Joel questioned the credibility of several of the story lines, including Browder's luck. One example was when Vadim bought a CD on a street corner, full of information about public company structure in Russia. This was full of crudely organized data about corporate control, sold on the street corners of Moscow: a virtual Rosetta Stone of corporate ownership in Russia. But Jeff reminded us on his professional respect for the work that Browder did from the ground up, the street work, understanding how things got to be the way they were. This tedious work created opportunities and understanding. The data would be useless to most people; Browder and his team recognized its value, and leveraged it.
Within Russia, a small group of other people did recognize the opportunities. These people today are Russia’s richest people. Vast fortunes were created by aggregating assets – often through entirely phony ownership transactions – in the early days of privatization, Putin was among these, but was separately slowly securing his own power. We all recalled the scene in the book where an oligarch is sipping champagne and sampling caviar on his yacht in the Med; he sees Mikhail Khodorkovsky on TV in a cage in a Moscow courtroom. Putin had consolidated power. Oligarchs asked, what did it take not to be stuffed in a cage? Putin: Fifty per cent.
Putin is Russia's new tsar. It took 100 years of interim, but he's the tsar. His financial value is difficult to quantify because so many assets are held nominally by others, but U.S. News estimates $200 billion. Forbes has ranked him as the most powerful man in the world for the past six years. He is 65; what is his end game?
We believe that Browder’s own drive for justice was based on measures of guilt, lost justice, and need for revenge. As the powerful began circling, how could Browder put others in his team at so much risk? The escape of some employees juxtaposed to Magnitsky’s failure to escape was reminiscent of Jan Karsky (Secret State). We questioned whether they all truly understood the danger of making money in Russia. Clearly, Sergei Magnitsky overestimated the power of law and justice in his own country; and Russian traditions of criminals using the government as a tool to their personal ends prevailed.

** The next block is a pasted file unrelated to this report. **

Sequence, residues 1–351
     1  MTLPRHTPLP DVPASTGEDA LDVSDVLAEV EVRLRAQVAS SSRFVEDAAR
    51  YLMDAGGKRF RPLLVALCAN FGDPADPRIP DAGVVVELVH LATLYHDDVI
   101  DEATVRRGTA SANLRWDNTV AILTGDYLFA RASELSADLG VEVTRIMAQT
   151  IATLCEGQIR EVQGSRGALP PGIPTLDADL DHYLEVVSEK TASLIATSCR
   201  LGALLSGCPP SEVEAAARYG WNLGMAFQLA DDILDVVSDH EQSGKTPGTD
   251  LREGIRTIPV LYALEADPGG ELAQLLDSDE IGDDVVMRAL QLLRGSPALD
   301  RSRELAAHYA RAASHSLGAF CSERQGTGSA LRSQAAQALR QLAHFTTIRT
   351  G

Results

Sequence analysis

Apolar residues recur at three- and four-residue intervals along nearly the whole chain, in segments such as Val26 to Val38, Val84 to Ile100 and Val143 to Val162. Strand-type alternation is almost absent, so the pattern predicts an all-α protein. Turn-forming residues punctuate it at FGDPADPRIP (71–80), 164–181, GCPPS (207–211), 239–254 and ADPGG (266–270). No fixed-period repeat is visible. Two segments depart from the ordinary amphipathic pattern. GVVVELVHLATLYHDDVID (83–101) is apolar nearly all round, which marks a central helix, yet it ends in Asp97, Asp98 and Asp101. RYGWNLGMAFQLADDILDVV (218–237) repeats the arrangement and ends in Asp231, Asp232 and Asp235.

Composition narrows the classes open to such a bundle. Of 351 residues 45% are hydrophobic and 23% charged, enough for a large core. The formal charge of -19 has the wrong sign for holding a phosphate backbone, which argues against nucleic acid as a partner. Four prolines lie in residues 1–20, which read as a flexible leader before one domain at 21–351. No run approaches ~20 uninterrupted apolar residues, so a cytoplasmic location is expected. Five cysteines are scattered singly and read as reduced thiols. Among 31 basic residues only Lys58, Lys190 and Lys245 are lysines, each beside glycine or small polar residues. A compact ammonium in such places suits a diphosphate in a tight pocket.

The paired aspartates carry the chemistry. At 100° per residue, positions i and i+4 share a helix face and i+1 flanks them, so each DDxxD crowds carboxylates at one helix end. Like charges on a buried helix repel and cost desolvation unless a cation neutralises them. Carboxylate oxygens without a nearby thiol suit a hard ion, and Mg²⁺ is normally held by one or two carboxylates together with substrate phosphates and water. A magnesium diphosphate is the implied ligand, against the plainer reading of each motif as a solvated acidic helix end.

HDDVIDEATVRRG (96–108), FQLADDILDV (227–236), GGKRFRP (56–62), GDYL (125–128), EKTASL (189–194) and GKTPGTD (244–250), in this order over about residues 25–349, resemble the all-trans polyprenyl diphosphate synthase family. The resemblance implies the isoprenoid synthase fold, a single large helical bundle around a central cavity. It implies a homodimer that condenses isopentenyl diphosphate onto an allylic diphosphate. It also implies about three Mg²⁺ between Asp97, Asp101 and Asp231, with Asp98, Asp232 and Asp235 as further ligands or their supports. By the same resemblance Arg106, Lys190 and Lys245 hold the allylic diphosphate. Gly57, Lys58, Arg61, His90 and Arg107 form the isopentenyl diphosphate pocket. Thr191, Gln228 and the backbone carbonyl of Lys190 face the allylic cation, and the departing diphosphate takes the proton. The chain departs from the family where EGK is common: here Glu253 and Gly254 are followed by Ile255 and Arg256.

The opportunities were limited to natural resources companies. Trawlers, oil, No intellectual property or businesses providing services. Such is the nature of Russian assets.
Sergei Magnitsky's brutal treatment by the government was systemic, built into foundation of the system itself. Russia’s long history of human abuse is blossoming under Putin. Nothing was fair or right.
The book's last chapters followed the tedious and circuitous route to passing the Magnitsky Act, which now appears to be an effective thorn in Putin’s and his oligarchs' sides. Witness the meeting arranged by Natalia Veselnitskaya with team Trump in 2016. Browder himself testified before Congress that the effort to repeal the Magnitsky Act was orchestrated by high level Kremlin officials. Browder also testified that opposition research company Fusion GPS lobbied against the Magnitsky Act as well. These are big, well fimded influence peddlers.
An overall takeaway from this book is the absence of a rule of law, no independent court system, no check on the theft, the abuse. The foundational flaw is the lack of effective checks and balances, permitting cover, deception, and lack of accountability. Here in the U.S., there is a level of expectation, rarely perfect, but within a range of predictable and reasonable, that truth eventually emerges. Russia still denies these truths exist. Learning this through an interesting, but tragic Russian story made this book selection one of our favorites of the year.